Olivia Judson: Darwinmania!





[Olivia Judson, an evolutionary biologist, is the author of “Dr. Tatiana’s Sex Advice to All Creation: The Definitive Guide to the Evolutionary Biology of Sex,” which was made into a three-part television program. Ms. Judson has been a reporter for The Economist and has written for a number of other publications, including Nature, The Financial Times, The Atlantic and Natural History. She is a research fellow in biology at Imperial College London.]

The party is about to begin.

In a week or so, the trumpets will sound, heralding the start of 18 months of non-stop festivities in honor of Charles Darwin. July 1, 2008, is the 150th anniversary of the first announcement of his discovery of natural selection, the main driving force of evolution. Since 2009 is the 200th anniversary of Darwin’s birth (Feb. 12), as well as being the 150th anniversary of the publication of his masterpiece, “On the Origin of Species” (Nov. 24), the extravaganza is set to continue until the end of next year. Get ready for Darwin hats, t-shirts, action figures, naturally selected fireworks and evolving chocolates. Oh, and lots of books and speeches.

But hold on. Does he deserve all this? He wasn’t, after all, the first person to suggest that evolution happens. For example, his grandfather, Erasmus Darwin, speculated about it towards the end of the 18th century; at the beginning of the 19th, the great French naturalist Jean-Baptiste Lamarck made a strong case for it. Lamarck, however, failed to be generally persuasive because he didn’t have a plausible mechanism — he could see that evolution takes place, but he didn’t know how. That had to wait until the discovery of natural selection.

Natural selection is what we normally think of as Darwin’s big idea. Yet he wasn’t the first to discover that, either. At least two others — a doctor called William Wells, and a writer called Patrick Matthew — discovered it years before Darwin did. Wells described it (admittedly briefly) in 1818, when Darwin was just 9; Matthew did so in 1831, the year that Darwin set off on board HMS Beagle for what became a five-year voyage around the world.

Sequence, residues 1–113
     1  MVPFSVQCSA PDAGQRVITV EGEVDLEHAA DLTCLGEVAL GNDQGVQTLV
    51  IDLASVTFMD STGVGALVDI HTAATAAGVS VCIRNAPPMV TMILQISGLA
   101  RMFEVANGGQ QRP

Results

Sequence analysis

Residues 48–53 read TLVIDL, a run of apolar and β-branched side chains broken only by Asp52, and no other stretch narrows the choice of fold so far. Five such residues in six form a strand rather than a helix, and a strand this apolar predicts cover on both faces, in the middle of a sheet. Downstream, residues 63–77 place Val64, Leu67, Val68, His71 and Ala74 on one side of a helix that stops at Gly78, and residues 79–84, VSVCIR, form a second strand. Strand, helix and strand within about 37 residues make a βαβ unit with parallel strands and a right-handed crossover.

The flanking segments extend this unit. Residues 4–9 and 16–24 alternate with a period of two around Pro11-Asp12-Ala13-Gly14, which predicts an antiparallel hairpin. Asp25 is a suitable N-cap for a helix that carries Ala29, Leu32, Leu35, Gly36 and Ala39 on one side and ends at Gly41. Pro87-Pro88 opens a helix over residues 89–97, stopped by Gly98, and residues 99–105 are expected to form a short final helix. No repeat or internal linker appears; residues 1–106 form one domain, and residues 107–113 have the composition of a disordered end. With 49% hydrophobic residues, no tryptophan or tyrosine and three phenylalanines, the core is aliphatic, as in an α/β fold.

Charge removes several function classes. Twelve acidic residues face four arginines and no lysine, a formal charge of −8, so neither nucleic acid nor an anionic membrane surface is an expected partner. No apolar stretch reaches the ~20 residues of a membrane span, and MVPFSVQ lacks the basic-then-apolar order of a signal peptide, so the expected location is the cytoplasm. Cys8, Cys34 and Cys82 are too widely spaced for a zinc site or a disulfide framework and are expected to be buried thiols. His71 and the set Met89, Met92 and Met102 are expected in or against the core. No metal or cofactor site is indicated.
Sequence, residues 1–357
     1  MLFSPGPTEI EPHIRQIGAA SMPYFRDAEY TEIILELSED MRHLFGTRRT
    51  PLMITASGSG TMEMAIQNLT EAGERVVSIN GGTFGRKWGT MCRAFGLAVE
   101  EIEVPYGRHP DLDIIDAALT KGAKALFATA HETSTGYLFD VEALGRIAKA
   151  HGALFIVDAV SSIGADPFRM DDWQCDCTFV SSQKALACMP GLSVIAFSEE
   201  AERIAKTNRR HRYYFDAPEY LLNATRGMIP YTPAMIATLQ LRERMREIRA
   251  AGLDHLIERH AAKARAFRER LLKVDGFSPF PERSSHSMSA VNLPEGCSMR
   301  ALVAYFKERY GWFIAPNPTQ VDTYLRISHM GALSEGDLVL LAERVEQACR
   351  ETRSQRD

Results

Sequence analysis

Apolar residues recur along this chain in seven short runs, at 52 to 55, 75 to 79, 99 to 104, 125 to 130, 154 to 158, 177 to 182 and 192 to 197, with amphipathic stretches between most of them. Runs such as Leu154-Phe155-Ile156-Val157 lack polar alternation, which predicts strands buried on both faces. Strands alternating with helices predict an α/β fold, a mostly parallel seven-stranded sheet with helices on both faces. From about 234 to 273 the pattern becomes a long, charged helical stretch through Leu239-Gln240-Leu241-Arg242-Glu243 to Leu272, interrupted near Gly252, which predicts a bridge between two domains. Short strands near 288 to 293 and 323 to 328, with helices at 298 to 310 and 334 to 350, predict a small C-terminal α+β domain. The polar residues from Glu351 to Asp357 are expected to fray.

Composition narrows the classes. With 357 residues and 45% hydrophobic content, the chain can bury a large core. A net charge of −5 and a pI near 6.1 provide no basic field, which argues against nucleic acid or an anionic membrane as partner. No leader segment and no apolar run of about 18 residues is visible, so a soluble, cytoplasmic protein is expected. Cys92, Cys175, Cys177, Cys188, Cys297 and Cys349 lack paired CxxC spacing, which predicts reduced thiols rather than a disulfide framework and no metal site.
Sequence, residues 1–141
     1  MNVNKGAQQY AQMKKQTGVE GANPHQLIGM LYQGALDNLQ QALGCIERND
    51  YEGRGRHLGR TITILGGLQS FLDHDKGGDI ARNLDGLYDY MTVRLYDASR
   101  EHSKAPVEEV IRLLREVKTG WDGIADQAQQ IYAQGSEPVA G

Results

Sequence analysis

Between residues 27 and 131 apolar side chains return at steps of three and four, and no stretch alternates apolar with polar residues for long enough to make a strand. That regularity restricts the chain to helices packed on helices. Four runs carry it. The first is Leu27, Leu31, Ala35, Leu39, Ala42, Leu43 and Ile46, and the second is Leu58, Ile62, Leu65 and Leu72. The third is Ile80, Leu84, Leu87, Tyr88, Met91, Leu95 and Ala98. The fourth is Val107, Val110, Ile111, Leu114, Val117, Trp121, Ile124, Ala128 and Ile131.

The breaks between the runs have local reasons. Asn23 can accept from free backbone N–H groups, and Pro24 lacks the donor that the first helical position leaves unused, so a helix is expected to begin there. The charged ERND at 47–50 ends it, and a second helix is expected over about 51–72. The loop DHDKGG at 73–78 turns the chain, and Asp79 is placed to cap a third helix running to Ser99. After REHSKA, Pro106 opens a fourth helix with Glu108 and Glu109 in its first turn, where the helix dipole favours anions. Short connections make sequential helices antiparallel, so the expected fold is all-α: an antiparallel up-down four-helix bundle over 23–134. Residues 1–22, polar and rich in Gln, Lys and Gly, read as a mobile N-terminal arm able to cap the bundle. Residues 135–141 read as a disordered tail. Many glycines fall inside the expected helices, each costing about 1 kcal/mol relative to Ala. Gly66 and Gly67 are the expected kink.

It was a few months after returning from this voyage that Darwin first began to consider seriously the possibility of evolution, or the “transmutation of species.” At this time he knew nothing of Wells’s and Matthew’s accounts of natural selection; indeed, both accounts languished in obscurity until after the “Origin” was published. (After the “Origin” appeared, Matthew wrote to a magazine to draw attention to his statements on the subject; he then proceeded to put “Discoverer of the Principle of Natural Selection” on the title pages of his books. This annoyed Darwin.)

By 1858, Darwin had spent more than 20 years studying plants and animals and thinking about evolution. He had filled notebook after notebook with his thoughts on how evolution works; he had, in 1844, written a short manuscript on the subject that was to be published in the event of his untimely death; and he had discussed evolution with a few close friends. But he had published nothing. (He had, however, published books on several other subjects, including an exhaustive study of barnacles, both living and extinct.) Then, in June of that year, Darwin received a package from a young man named Alfred Russel Wallace; in the package, Wallace enclosed a brief manuscript in which he outlined the principle of evolution by natural selection.

What happened next is famous in the history of biology. On July 1, 1858, Wallace’s manuscript, as well as a couple of short statements on natural selection by Darwin (a segment of the 1844 manuscript, and part of a letter he’d written in 1857), were read at a meeting of the Linnean Society in London. The meeting had been organized by some of Darwin’s scientific friends to establish his priority in the discovery.

Of the material presented that night, the manuscript by Wallace is, in some respects, the more impressive: it is clearer and more accessible. Yet it is Darwin we celebrate; it is Darwin who, like a god in a temple, sits in white marble and presides over the main hall at the Natural History Museum in London. Why?..

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